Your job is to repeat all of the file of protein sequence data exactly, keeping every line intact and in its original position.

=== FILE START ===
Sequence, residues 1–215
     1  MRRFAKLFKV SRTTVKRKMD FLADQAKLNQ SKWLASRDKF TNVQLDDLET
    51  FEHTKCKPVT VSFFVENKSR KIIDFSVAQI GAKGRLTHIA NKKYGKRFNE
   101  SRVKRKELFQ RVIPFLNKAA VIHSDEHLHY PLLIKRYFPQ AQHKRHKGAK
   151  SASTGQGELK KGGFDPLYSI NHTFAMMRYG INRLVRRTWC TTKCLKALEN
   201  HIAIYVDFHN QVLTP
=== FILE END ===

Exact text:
Sequence, residues 1–215
     1  MRRFAKLFKV SRTTVKRKMD FLADQAKLNQ SKWLASRDKF TNVQLDDLET
    51  FEHTKCKPVT VSFFVENKSR KIIDFSVAQI GAKGRLTHIA NKKYGKRFNE
   101  SRVKRKELFQ RVIPFLNKAA VIHSDEHLHY PLLIKRYFPQ AQHKRHKGAK
   151  SASTGQGELK KGGFDPLYSI NHTFAMMRYG INRLVRRTWC TTKCLKALEN
   201  HIAIYVDFHN QVLTP